If an aerial move you love was your starting point, start considering how your other favorites relate to this one. Do any of them lead easily into, or out of this trick? Consider if this is a trick you need a lot of height for, or if you'll need to do it early on while you're fresh. Do you lose a lot of height with any of the tricks on your list? You don't want to have to climb up more than twice.
If your starting point was something different: a song, a character, a costume, etc, consider which of the tricks on your list fit well with the inspiration for your piece. If your starting point isn't a character, just looking at which physical movements fit well with a given song or costume will start to give you an idea of the character you'll create.
You might think that your character is just the summation of your sequence, costume, and music, but your character is the soul of your piece. It's the part that makes you fun to watch! If you have no idea who your character is, consider how your song makes you feel (or how you want the song you pick to make you feel). What emotions, thoughts, or sensations do you want to convey to the audience through your sequence and other elements? This list of feelings is not your character, it's just the inspiration for her or him. You don't have to go so far as to name your character, though you can if it will help. What you should do is know who your character is, and how she or he feels. You should have an idea of what happened to your character right before your performance, and what she or he is on her or his way to right afterward. I'm trying to avoid the word 'motivation' because it's such a stereotype, but it's a stereotype for a reason!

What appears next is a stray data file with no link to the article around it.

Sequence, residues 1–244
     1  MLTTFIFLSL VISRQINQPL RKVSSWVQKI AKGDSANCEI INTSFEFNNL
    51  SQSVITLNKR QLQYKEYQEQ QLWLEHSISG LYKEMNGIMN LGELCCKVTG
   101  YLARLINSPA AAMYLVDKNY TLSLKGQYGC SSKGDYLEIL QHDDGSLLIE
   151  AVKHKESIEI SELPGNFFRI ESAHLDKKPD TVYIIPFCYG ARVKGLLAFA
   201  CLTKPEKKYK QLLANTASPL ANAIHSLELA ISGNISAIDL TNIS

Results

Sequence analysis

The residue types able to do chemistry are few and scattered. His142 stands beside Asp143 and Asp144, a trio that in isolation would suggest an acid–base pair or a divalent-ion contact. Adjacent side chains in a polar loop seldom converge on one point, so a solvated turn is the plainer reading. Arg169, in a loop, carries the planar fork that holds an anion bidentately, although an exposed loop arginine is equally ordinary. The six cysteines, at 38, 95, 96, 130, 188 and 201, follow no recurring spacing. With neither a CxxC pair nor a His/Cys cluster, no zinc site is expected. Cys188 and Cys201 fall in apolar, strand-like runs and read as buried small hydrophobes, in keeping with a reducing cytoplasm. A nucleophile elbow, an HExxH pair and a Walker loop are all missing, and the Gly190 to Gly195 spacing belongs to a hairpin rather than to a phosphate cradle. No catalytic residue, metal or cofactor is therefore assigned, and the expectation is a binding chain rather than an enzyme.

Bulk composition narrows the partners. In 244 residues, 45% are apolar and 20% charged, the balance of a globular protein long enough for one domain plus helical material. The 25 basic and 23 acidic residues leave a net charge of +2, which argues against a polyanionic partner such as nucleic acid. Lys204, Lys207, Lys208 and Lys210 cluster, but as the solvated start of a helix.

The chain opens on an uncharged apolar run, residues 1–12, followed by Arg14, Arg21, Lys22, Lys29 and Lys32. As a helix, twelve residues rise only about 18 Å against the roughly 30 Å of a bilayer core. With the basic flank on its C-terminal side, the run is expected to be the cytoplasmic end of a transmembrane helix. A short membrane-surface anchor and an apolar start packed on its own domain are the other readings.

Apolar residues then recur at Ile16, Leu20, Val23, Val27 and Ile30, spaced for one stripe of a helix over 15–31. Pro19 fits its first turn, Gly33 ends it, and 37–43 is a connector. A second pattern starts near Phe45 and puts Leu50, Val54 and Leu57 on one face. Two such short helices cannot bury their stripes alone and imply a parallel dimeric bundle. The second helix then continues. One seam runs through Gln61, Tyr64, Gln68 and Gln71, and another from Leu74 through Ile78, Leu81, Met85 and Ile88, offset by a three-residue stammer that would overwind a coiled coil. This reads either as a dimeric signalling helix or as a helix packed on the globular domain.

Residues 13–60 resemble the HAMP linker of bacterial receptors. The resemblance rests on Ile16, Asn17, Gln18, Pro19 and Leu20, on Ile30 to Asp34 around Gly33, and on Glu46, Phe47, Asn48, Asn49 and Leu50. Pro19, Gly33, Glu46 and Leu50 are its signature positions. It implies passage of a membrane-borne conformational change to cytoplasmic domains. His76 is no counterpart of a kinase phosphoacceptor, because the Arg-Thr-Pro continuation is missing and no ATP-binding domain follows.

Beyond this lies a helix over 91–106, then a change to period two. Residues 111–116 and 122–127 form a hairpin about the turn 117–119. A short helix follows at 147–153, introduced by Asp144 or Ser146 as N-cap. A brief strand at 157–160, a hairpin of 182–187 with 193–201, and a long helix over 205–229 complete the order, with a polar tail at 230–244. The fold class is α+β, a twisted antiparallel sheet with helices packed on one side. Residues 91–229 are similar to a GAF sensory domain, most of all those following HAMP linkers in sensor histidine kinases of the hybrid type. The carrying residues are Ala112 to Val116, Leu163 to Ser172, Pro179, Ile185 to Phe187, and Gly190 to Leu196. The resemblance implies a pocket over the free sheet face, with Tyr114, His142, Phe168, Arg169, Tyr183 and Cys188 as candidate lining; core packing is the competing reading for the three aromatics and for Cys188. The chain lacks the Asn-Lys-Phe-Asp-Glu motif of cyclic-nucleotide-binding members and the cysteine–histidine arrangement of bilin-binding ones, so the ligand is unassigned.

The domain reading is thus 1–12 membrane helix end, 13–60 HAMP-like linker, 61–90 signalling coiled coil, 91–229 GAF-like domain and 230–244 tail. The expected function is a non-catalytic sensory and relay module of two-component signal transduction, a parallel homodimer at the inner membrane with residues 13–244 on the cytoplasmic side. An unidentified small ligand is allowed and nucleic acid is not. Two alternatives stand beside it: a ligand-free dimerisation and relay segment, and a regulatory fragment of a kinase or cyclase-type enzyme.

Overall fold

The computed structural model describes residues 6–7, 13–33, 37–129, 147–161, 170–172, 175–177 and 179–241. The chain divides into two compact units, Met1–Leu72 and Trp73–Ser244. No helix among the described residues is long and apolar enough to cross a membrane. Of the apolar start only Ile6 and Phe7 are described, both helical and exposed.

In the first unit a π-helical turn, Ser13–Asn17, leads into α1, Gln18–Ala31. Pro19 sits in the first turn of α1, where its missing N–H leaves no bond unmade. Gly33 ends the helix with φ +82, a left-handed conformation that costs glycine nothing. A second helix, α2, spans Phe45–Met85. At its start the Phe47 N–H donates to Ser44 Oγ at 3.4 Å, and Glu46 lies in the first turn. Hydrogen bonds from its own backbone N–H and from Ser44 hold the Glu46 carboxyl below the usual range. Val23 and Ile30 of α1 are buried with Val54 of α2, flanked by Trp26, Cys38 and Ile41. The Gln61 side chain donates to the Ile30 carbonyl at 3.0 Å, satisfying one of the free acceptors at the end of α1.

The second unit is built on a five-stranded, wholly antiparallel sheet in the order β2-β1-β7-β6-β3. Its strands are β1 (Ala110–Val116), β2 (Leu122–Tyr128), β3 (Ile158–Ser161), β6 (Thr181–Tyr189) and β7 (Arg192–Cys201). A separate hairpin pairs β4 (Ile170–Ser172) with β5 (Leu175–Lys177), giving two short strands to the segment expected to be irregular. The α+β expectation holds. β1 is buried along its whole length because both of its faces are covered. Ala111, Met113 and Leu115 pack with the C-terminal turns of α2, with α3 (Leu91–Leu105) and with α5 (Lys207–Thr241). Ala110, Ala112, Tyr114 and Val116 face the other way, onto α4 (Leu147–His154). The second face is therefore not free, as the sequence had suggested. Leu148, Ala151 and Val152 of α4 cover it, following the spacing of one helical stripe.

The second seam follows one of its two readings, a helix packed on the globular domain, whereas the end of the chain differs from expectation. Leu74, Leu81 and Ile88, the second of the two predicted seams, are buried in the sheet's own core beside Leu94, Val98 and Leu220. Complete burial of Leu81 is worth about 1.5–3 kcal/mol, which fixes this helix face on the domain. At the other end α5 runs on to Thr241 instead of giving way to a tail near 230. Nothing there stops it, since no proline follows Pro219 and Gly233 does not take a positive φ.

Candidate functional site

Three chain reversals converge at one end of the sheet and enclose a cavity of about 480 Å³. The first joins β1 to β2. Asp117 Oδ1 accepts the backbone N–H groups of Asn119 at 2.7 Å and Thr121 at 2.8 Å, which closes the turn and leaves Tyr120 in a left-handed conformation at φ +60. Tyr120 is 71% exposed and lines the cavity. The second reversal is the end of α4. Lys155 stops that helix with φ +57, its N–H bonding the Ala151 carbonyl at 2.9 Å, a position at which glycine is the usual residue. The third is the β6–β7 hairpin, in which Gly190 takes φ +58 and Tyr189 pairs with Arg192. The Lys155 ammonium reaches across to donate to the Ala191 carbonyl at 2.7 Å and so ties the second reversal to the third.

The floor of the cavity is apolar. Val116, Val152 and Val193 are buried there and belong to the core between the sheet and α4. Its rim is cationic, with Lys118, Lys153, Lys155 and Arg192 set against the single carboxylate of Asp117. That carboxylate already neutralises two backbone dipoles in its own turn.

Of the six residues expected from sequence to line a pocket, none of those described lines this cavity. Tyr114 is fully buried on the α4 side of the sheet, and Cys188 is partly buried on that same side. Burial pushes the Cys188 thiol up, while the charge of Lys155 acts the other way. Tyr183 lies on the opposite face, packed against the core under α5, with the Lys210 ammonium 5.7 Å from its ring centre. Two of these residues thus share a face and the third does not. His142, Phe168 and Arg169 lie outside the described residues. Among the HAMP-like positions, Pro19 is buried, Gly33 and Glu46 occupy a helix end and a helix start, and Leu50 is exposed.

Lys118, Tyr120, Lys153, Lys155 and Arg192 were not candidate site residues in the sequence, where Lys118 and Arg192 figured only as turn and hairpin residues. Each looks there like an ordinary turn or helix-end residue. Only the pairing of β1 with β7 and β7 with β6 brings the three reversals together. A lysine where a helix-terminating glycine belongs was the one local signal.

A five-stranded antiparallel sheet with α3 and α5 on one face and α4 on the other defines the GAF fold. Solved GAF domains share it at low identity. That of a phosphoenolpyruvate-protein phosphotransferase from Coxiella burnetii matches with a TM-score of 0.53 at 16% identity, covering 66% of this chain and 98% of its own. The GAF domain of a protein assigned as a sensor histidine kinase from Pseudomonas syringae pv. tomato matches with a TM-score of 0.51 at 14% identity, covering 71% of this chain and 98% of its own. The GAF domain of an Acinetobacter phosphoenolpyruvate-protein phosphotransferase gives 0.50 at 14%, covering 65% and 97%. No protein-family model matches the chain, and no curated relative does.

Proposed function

Knowing your character, and the feelings and thoughts you want to convey to your audience will enable to you to make a(nother) list of movement qualities to focus on when you rehearse. Adverbs like, 'daintily', 'impatiently', 'joyfully', and 'fearfully' are good examples. You'll need some time to just get your sequence into your body of course, but you'll want to start rehearsing your character and your movement qualities as early as possible.